Small Modular Reactors for Nuclear Power: Hope or Mirage? https://www.theenergycollective.com/m-v-ramana/2426847/small-modular-reactors-nuclear-power-hope-mirage   by M.V. Ramana 

Supporters of nuclear power hope that small nuclear reactors, unlike large  plants, will be able to compete economically with other sources of electricity. But according to M.V. Ramana, a Professor at the University of British Columbia, this is likely to be a vain hope. In fact, according to Ramana, in the absence of a mass market, they may be even more expensive than large plants.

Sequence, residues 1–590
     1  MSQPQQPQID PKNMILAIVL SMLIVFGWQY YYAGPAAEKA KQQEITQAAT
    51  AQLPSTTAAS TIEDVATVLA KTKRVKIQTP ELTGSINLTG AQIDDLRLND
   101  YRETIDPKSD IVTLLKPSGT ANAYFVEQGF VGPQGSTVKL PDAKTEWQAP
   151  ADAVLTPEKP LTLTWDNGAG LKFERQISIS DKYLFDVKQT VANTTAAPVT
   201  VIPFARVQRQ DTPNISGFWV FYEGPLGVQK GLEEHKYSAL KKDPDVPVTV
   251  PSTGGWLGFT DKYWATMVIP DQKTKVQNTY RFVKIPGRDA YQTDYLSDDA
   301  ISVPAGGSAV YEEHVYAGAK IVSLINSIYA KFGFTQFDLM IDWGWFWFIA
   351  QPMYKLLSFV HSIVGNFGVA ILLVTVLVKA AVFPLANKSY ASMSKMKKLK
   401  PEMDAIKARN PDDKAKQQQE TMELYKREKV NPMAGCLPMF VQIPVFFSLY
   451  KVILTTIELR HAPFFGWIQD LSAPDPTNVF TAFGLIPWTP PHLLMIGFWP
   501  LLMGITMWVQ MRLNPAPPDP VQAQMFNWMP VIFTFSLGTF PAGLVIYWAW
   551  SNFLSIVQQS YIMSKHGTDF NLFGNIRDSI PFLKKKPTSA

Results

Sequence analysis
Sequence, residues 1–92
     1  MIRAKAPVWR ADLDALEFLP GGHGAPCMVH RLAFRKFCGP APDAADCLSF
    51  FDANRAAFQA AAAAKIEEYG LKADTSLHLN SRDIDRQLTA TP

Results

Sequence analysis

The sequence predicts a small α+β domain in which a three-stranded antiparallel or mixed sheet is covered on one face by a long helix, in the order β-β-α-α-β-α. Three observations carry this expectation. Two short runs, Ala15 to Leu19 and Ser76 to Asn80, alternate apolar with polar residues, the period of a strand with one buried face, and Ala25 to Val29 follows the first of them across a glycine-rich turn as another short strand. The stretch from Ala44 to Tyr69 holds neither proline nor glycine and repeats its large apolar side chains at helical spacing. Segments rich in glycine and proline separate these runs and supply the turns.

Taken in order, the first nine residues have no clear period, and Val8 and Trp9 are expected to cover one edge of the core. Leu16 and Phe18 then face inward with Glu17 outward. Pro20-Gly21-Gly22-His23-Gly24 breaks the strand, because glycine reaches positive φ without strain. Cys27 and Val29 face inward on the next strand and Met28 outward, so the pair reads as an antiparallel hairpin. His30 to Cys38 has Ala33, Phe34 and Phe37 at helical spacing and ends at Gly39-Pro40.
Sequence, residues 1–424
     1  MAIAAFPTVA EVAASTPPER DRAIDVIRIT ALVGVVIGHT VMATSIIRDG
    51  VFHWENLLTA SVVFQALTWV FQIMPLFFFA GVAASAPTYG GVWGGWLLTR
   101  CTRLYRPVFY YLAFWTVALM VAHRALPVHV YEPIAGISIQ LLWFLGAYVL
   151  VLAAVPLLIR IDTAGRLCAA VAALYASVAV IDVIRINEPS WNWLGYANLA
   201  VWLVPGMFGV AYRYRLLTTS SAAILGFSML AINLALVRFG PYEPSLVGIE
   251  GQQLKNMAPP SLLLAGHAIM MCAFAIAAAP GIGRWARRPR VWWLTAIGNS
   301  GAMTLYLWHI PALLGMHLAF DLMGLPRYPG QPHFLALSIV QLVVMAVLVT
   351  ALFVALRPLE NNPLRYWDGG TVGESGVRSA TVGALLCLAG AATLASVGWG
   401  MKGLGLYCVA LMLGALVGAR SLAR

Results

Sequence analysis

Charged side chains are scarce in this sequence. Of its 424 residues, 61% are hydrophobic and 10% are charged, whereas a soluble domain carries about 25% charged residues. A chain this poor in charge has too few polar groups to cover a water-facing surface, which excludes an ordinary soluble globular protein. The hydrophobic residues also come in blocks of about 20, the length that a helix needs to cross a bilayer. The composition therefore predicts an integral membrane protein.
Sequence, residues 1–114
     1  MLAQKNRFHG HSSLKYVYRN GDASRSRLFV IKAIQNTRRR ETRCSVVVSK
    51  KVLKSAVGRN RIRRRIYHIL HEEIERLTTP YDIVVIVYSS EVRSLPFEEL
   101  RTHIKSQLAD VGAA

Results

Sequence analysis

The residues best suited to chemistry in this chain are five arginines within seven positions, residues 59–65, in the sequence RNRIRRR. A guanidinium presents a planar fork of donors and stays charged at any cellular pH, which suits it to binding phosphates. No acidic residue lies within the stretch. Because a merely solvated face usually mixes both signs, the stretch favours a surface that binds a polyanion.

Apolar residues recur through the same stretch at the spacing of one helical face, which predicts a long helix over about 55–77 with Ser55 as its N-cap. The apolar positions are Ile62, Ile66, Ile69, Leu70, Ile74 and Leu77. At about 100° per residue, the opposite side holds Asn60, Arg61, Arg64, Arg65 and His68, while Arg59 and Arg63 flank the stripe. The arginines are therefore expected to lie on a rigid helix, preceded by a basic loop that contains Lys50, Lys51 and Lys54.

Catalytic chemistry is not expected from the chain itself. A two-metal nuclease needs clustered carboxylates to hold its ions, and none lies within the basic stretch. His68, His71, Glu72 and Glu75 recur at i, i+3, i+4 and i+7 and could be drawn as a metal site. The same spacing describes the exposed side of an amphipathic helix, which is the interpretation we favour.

In October 2017, just after Puerto Rico was battered by Hurricane Maria, US Secretary of Energy Rick Perry asked the audience at a conference on clean energy
in Washington, D.C.: “Wouldn’t it make abundant good sense if we had small modular reactors that literally you could put in the back of a C-17, transport to an area like Puerto Rico, push it out the back end, crank it up and plug it in? … It could serve hundreds of thousands”.

As exemplified by Secretary Perry’s remarks, small modular reactors (SMRs) have been suggested as a way to supply electricity for communities that inhabit islands or in other remote locations.

In the past decade, wind and solar energy have become significantly cheaper than nuclear power